Mobile marketing. It’s new. Some marketers are happy to experiment while others look on with skepticism until the channel matures. Christine Overby and Charlie Golvin helped Forum participants navigate this new channel: they’re like peanut butter and jelly – Christine comes at mobile from the marketing side and Charlie approaches marketing from the mobile side. Both believe that mobile is a viable marketing channel, but marketers need to embrace the warts in the mobile experience as features not shortcomings.
The crowd at the Forum, not surprisingly, is ahead of the curve in their use of mobile: texting, mobile Internet, and applications. But, Forrester data shows that only a third of mobile phone owners send or receive a text message, and only 11% use the mobile Internet. What do early adopters look like? No surprise: they’re younger (almost 80% of 18-24 year olds use any form of messaging). Surprisingly and related to what I wrote earlier that the US was behind in their use of QR codes, use of the mobile Internet in the US and Europe is equivalent.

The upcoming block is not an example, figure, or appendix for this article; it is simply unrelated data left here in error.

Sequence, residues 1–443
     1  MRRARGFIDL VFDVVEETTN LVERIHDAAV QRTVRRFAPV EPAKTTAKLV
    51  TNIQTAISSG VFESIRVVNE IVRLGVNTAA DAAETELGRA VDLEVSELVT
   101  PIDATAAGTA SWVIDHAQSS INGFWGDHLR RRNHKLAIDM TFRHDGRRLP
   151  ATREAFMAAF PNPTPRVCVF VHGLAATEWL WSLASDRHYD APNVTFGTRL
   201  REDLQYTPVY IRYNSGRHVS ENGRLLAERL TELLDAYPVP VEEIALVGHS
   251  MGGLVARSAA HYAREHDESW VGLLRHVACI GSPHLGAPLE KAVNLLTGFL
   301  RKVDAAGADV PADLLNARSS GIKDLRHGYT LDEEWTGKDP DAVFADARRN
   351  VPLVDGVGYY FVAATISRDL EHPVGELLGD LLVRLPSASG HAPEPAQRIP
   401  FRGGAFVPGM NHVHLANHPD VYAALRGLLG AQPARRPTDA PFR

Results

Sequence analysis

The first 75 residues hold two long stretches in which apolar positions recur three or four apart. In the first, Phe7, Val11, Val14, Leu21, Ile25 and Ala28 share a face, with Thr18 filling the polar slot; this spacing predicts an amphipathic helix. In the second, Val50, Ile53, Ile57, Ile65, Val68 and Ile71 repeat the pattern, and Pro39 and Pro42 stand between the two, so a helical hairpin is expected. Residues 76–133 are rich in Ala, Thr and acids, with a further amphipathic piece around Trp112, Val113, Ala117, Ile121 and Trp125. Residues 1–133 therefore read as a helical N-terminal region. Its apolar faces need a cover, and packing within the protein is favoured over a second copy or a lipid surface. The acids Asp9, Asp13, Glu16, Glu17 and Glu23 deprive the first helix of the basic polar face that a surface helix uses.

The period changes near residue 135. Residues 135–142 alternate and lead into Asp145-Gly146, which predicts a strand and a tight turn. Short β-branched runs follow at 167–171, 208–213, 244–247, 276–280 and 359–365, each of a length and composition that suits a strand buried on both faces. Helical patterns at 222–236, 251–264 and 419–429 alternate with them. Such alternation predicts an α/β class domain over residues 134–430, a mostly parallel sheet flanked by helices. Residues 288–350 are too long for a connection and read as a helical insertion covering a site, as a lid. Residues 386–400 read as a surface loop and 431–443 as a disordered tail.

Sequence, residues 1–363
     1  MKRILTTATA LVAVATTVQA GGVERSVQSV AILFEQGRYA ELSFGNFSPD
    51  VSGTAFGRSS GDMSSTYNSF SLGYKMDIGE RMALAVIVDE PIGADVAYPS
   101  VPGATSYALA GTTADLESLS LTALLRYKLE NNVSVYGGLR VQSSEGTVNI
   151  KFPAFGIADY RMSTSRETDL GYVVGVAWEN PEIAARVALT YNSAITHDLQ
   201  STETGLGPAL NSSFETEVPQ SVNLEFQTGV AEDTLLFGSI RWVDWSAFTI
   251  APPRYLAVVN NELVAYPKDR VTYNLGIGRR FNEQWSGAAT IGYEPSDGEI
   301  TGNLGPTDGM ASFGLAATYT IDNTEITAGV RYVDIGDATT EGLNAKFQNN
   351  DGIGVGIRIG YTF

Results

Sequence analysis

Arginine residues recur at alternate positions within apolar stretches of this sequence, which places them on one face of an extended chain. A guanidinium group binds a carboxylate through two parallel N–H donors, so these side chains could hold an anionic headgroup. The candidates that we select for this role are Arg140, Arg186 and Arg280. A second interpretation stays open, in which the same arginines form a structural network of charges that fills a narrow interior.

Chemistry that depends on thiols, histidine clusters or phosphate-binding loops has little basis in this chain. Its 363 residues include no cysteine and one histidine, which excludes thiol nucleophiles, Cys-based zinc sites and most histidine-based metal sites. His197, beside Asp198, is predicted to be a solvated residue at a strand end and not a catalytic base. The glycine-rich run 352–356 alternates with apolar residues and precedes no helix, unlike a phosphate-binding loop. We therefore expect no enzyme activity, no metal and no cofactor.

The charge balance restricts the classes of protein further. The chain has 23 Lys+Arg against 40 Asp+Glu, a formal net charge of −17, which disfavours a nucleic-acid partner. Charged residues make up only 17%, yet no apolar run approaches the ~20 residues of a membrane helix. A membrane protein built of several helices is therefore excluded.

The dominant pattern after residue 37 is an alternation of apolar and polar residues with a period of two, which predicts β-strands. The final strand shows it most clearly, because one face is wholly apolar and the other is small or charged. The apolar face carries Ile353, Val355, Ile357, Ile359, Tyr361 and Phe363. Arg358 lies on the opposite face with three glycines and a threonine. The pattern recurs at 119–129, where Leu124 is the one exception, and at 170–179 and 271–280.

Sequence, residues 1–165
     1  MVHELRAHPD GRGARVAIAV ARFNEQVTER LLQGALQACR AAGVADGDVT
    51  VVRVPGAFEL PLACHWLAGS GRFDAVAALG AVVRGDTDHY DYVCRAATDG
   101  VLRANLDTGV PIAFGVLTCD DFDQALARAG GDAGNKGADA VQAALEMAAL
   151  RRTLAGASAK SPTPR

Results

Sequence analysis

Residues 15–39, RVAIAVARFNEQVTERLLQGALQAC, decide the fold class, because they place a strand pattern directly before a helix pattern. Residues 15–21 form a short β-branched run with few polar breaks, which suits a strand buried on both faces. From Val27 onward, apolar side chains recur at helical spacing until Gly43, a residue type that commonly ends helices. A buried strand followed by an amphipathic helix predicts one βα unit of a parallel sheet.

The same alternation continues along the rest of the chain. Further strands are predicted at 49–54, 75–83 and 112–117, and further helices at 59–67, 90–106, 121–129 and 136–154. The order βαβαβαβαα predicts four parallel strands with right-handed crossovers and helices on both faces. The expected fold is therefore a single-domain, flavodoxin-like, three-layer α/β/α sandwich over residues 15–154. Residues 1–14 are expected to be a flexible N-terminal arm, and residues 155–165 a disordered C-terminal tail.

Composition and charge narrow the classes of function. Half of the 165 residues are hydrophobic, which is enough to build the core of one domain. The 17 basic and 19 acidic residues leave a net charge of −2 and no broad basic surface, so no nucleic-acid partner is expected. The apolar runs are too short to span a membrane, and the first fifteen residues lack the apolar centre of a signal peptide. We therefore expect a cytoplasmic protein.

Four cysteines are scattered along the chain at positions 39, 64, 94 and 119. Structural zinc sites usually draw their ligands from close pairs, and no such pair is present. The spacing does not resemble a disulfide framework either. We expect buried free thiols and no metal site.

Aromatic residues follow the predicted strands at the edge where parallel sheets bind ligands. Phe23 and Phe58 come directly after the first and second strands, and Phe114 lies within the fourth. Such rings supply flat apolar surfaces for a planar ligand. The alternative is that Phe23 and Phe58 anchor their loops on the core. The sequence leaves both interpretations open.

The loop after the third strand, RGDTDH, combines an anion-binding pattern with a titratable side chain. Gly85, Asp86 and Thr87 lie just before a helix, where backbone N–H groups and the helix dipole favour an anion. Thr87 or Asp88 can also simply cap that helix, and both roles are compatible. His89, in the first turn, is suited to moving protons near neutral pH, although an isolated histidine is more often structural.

How can marketers make the best use of the mechanisms available in the US today? Mobile marketing need not be limited to emerging or cutting-edge brands – marketers like Crest used messaging to promote toothpaste. American Cancer Society utilized search marketing on mobile because their constituency needed to make decisions on the go. Mobile has the promise to be the ultimate one to one marketing tool: it is personal and measurable. It’s good at multiple points along the marketing funnel. But, campaigns need to be targeted to the right audience, sensitive to small screen and the personal nature of the device, and ensure that they’re creating value to encourage consumers to engage with brands. Some best practices? Go for mobile tie-ins; don’t over-engineer; adopt pragmatic targeting; embrace simplicity.